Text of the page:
As I am comparing between two algorithms, I was wondering which is the best approach to use to compare between the both. Big-O seems not the perfect metric for me, as the it's based on the worst-case, while most of cases in the area that I am working on is optimized. The second though is, I am using "Python-Maps" (and other parallelism features, but let's take just "map no python as an example" to simplify the question) to implement the first algorithm, while I don't use parallelism features in the second algorithm.

What is the approach to compare, abstractly, the both algorithms ?. Can you please give any hint ?

  • 1
    $\begingroup$ Speedup is sometimes used to describe the benefits of parallelization. Amdahl's and Gustafson's laws are something to consider here. Parallelization usually doesn't affect asymptotic complexity in a very realistic way since, while problem size can scale in fairly arbitrary ways, the number of processors we have to throw at a problem is typically less variable (indeed, it's usually fixed). Of course, that doesn't stop you from defining your own (parallel) machine model with scalable processor counts; look into the PRAM machine model and associated complexity analysis. $\endgroup$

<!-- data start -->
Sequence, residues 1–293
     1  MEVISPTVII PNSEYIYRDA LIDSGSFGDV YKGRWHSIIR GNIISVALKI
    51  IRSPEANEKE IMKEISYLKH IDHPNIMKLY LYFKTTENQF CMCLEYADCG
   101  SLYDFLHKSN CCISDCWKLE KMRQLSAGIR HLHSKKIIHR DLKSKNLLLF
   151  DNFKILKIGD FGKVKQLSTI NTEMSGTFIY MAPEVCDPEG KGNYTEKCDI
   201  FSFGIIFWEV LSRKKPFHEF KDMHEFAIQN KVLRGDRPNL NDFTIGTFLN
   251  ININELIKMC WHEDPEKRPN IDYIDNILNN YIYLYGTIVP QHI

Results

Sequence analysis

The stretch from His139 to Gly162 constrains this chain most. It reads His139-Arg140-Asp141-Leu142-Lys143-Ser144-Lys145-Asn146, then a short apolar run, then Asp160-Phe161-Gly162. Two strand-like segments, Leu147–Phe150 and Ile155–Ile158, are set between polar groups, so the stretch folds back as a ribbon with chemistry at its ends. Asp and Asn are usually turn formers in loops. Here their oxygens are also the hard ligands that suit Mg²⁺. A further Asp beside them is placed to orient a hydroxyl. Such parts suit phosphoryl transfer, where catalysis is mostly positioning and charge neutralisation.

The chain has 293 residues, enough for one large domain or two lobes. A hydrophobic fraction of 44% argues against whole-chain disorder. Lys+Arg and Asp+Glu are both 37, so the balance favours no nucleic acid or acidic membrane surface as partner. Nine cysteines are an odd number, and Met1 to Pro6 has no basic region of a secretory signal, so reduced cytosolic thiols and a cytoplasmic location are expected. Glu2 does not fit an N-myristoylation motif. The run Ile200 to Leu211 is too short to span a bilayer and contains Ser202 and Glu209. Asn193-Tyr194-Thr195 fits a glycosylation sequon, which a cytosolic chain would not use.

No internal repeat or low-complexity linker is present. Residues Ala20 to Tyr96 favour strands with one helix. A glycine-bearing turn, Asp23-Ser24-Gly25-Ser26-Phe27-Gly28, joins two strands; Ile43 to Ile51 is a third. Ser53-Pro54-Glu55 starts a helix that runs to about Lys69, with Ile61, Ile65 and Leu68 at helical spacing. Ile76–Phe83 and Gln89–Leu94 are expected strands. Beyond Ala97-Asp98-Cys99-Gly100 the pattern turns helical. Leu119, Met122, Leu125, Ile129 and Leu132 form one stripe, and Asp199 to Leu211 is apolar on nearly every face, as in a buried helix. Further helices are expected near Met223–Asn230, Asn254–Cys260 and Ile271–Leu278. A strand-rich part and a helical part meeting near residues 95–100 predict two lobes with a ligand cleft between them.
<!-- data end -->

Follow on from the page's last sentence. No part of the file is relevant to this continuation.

– Patrick87
    Commented Oct 8, 2014 at 22:38
  • $\begingroup$ Exactly! most of books that recommend using Big-O are basing their assumptions on RAM machine Model. I tried to check Knuth's books, he referred to formula where he computed the sum of multiplication between frequency and cost of every operation, it seemed at first glance that this model could be developed (I am sure that many research have been done in this area, I just look for the best referenced resource). Thanks for your answer. $\endgroup$ Commented Oct 8, 2014 at 23:10
  • $\begingroup$ I have done some reading on that myself, and there does indeed not seem to be ... an abundance of useful models, let alone techniques. Speedup and efficiency seem to be the quantities to look for, but they can be hard to determine. $\endgroup$
    – Raphael